• Thirty-four patients had a purely intracanalicular (IC) tumor and 16 patients had an extracanalicular extension in the cerebello-pontine angle.
  • RESULTS: Neither vestibular nerve branch of origin nor extracanalicular tumor extension (up to 1 cm) caused any significant difference in the degree of postoperative hearing change at any of the tested PTA frequencies.
  • [MeSH-major] Cranial Fossa, Middle / surgery. Hearing / physiology. Neuroma, Acoustic / surgery. Otologic Surgical Procedures / methods. Vestibular Nerve / pathology. Vestibule, Labyrinth / innervation

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  • (PMID = 17851965.001).
  • [ISSN] 0001-6489
  • [Journal-full-title] Acta oto-laryngologica
  • [ISO-abbreviation] Acta Otolaryngol.
  • [Language] eng
  • [Publication-type] Comparative Study; Journal Article
  • [Publication-country] Norway
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55. Zhang Z, Wu H, Huang Q, Jia H, Wang Z: [Study of postoperative facial nerve function influenced by sterical position between facial nerve and vestibular schwannoma]. Lin Chung Er Bi Yan Hou Tou Jing Wai Ke Za Zhi; 2009 Apr;23(7):292-5
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  • [Source] The source of this record is MEDLINE®, a database of the U.S. National Library of Medicine.
  • [Title] [Study of postoperative facial nerve function influenced by sterical position between facial nerve and vestibular schwannoma].
  • OBJECTIVE: To study the postoperative facial nerve function influenced by sterical position between facial nerve (FN) and vestibular schwannoma (VS).
  • METHOD: A retrospective review was performed of 101 patients with unilateral VS, who underwent tumor total removal via enlarged translabyrinthine approach between 2003 and 2006.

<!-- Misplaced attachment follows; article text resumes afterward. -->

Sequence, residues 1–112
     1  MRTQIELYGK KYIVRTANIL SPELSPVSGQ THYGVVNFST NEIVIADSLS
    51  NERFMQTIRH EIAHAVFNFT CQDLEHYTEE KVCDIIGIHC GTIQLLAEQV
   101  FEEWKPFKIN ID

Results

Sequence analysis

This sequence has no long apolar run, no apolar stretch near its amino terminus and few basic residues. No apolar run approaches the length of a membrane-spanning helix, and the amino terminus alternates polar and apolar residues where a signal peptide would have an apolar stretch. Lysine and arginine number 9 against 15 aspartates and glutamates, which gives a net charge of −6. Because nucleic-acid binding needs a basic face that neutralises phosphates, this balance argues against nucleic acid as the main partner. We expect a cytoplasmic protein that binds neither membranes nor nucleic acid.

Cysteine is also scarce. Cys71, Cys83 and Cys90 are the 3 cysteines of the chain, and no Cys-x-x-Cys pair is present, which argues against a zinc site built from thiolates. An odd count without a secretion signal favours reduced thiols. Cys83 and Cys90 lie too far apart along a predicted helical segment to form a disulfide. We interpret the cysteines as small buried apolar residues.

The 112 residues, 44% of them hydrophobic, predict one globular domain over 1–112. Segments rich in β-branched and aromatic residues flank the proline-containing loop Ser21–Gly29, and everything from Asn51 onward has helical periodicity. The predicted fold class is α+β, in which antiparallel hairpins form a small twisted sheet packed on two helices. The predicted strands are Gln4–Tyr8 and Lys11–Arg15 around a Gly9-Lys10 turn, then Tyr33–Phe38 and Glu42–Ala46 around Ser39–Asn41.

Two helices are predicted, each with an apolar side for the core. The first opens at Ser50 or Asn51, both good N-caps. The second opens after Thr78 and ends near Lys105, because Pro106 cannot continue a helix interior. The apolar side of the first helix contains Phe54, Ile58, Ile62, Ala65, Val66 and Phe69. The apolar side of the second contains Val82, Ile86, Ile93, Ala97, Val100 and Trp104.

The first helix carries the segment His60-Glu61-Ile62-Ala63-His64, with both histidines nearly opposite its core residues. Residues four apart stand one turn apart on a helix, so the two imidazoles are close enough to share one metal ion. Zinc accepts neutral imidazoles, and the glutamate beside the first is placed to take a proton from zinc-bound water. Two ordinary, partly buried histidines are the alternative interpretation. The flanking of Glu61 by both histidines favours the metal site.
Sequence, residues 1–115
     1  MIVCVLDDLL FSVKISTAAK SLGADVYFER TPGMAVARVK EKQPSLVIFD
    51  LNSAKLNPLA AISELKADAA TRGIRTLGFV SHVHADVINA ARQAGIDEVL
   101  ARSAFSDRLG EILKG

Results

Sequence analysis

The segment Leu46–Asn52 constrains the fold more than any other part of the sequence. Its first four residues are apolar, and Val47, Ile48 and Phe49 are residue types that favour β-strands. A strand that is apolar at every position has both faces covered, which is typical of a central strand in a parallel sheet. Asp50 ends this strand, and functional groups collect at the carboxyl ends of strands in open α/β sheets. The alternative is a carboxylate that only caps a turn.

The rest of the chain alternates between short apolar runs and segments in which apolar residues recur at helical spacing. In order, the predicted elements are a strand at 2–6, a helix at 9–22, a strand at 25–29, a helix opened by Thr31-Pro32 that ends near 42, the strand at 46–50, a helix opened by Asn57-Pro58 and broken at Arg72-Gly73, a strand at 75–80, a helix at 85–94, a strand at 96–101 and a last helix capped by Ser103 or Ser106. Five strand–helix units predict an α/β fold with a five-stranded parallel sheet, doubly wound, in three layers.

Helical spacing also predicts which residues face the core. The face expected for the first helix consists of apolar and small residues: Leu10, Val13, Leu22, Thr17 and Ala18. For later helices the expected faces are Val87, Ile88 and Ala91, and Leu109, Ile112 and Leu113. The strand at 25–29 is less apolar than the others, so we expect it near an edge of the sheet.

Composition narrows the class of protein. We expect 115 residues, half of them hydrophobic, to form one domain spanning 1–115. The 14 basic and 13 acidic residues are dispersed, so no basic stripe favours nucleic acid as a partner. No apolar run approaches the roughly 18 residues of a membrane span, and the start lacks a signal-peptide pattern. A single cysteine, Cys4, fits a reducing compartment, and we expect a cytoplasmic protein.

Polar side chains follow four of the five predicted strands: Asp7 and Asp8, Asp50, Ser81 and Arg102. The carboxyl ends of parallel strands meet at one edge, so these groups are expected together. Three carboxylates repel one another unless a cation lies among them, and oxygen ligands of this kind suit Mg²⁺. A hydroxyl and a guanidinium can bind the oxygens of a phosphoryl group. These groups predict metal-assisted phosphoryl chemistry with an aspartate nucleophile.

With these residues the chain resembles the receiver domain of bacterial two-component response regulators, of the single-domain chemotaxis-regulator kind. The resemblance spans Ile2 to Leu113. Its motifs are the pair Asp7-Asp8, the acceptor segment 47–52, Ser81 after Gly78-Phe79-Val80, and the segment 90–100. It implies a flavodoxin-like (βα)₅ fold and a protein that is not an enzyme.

• Data concerning tumor stage based on tumor size, intra-operative sterical position between FN and VS which was classed on 4 types (type I: FN anterior to VS; type 2: anterior and superior to VS; type 3: superior to VS and type 4: posterior to VS), postoperative facial nerve function according to the House and Brackmann classification at days 7, 30, 90 and 180.
  • RESULT: The facial nerve was preserved anatomically in 98%.
  • Good facial function at days 180 was present in 73% and decreased along with the augmentation of tumor size.
  • The prognostic factor of latter includes not only tumor size, but also sterical position between FN and vs.
  • [MeSH-major] Facial Nerve / anatomy & histology. Neurilemmoma. Neuroma, Acoustic / surgery

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  • (PMID = 19670604.001).
  • [ISSN] 1001-1781
  • [Journal-full-title] Lin chuang er bi yan hou tou jing wai ke za zhi = Journal of clinical otorhinolaryngology, head, and neck surgery
  • [ISO-abbreviation] Lin Chung Er Bi Yan Hou Tou Jing Wai Ke Za Zhi
  • [Language] chi
  • [Publication-type] English Abstract; Journal Article
  • [Publication-country] China
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56. Yong RL, Westerberg BD, Dong C, Akagami R: Length of tumor-cochlear nerve contact and hearing outcome after surgery for vestibular schwannoma. J Neurosurg; 2008 Jan;108(1):105-10
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  • [Source] The source of this record is MEDLINE®, a database of the U.S. National Library of Medicine.
  • [Title] Length of tumor-cochlear nerve contact and hearing outcome after surgery for vestibular schwannoma.
  • OBJECTIVES: Tumor size is likely to be a major determinant of hearing preservation after surgery for vestibular schwannoma.
  • Findings in some large case series have not supported this concept, possibly due to variation in the technique used for tumor measurement.